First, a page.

U.S. Route 66 (US 66 or Route 66), also known as the Will Rogers Highway and colloquially known as the Main Street of America or the Mother Road, was one of the original highways within the U.S. Highway System. Route 66 was established on November 11, 1926, with road signs erected the following year. The highway, which became one of the most famous roads in America, originally ran from Chicago, Illinois, through Missouri, Kansas, Oklahoma, Texas, New Mexico, and Arizona before ending at Santa Monica, California, covering a total of 2,448 miles. It was recognized in popular culture by both the hit song "(Get Your Kicks on) Route 66" and the Route 66 television show in the 1960s.
Route 66 served as a major path for those who migrated west, especially during the Dust Bowl of the 1930s, and it supported the economies of the communities through which the road passed. People doing business along the route became prosperous due to the growing popularity of the highway, and those same people later fought to keep the highway alive in the face of the growing threat of being bypassed by the new Interstate Highway System.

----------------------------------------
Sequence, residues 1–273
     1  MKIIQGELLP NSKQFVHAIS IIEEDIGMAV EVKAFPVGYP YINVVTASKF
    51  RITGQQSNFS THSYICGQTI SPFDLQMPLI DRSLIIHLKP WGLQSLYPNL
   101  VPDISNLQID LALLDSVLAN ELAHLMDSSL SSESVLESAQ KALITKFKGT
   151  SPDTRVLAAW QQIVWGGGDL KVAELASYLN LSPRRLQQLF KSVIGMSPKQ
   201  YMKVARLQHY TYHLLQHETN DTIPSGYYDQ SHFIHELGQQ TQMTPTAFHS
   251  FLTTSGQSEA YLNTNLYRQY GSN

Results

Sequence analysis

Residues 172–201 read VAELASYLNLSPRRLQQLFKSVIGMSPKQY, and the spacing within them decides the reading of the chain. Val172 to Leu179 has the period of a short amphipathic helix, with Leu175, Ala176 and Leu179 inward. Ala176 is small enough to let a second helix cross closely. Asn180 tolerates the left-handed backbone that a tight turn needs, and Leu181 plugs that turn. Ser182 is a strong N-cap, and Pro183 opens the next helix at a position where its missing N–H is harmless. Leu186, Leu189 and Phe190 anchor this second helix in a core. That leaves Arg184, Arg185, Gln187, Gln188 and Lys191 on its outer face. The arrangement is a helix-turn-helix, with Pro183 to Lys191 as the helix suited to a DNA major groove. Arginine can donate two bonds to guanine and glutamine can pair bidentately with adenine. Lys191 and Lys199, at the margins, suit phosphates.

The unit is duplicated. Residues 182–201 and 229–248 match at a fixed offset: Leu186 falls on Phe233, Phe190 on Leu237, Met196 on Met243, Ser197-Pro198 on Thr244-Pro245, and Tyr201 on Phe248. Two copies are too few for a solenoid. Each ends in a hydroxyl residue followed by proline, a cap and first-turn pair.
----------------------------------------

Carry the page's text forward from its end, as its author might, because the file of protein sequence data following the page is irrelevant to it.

Route 66 underwent many improvements and realignments over its lifetime, and it was officially removed from the United States Highway System on June 27, 1985, after it had been replaced in its entirety by the Interstate Highway System. Portions of the road that passed through Illinois, Missouri, New Mexico, and Arizona have been designated a National Scenic Byway of the name "Historic Route 66", which is returning to some maps. Several states have adopted significant bypassed sections of the former US 66 into the state road network as State Route 66.
The Bradford family vacations in 1960 & again in '64 we travel Route 66 from Oklahoma City to Los Angeles. I remember some of the neat businesses along the way, like the Wigwam Motel in Holbrook Arizon or the Jackrabbit Trading Post in Joseph City Arizona, just to name a couple.